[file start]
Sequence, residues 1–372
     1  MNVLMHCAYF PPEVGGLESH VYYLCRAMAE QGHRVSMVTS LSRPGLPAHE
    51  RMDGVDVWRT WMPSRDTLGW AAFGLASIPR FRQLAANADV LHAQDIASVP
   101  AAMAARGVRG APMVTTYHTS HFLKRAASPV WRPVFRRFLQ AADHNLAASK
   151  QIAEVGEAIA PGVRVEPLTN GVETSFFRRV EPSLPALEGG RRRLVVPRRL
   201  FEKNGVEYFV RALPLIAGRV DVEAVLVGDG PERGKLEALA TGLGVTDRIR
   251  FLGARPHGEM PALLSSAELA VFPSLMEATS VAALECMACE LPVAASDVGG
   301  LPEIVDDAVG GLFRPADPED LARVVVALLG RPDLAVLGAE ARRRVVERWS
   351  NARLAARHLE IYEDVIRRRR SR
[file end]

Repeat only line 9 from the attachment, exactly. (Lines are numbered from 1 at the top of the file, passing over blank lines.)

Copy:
   351  NARLAARHLE IYEDVIRRRR SR